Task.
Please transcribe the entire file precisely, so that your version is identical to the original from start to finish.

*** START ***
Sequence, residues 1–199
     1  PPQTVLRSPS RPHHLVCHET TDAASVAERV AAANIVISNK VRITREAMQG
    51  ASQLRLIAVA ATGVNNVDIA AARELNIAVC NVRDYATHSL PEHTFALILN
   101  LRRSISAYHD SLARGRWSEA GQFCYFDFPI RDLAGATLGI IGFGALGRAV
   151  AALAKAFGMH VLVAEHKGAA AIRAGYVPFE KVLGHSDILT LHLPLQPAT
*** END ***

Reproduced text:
Sequence, residues 1–199
     1  PPQTVLRSPS RPHHLVCHET TDAASVAERV AAANIVISNK VRITREAMQG
    51  ASQLRLIAVA ATGVNNVDIA AARELNIAVC NVRDYATHSL PEHTFALILN
   101  LRRSISAYHD SLARGRWSEA GQFCYFDFPI RDLAGATLGI IGFGALGRAV
   151  AALAKAFGMH VLVAEHKGAA AIRAGYVPFE KVLGHSDILT LHLPLQPAT